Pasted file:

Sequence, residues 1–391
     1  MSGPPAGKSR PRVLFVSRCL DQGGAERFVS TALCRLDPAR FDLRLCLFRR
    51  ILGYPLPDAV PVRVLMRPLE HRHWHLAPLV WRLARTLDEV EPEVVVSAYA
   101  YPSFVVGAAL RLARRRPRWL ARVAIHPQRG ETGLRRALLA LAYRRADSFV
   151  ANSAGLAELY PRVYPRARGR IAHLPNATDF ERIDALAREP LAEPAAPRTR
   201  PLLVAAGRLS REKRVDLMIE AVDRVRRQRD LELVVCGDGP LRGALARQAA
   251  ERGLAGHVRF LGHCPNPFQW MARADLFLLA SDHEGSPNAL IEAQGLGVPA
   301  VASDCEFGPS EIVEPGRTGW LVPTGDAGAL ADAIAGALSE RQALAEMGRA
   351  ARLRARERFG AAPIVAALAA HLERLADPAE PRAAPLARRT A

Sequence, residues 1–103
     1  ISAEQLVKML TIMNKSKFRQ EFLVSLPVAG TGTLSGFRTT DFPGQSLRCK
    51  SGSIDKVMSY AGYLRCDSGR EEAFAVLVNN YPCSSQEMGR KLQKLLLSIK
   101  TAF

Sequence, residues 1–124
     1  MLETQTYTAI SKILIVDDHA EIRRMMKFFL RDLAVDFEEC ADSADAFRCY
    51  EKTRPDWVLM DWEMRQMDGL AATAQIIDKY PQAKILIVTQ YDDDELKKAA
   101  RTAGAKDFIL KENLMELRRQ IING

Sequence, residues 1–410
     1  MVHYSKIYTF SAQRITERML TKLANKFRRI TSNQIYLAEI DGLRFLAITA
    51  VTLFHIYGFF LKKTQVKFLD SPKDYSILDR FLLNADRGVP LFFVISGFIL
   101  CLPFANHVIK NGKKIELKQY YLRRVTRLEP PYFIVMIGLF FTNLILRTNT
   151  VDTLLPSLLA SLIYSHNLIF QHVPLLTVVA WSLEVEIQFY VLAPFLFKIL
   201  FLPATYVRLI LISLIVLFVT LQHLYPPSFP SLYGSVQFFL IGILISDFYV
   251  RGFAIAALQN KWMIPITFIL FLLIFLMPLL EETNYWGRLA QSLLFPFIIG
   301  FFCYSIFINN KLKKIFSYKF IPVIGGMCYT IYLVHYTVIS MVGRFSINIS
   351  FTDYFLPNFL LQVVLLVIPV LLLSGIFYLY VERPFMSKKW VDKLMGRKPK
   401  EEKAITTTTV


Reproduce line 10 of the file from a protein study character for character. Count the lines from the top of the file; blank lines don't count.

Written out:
Sequence, residues 1–103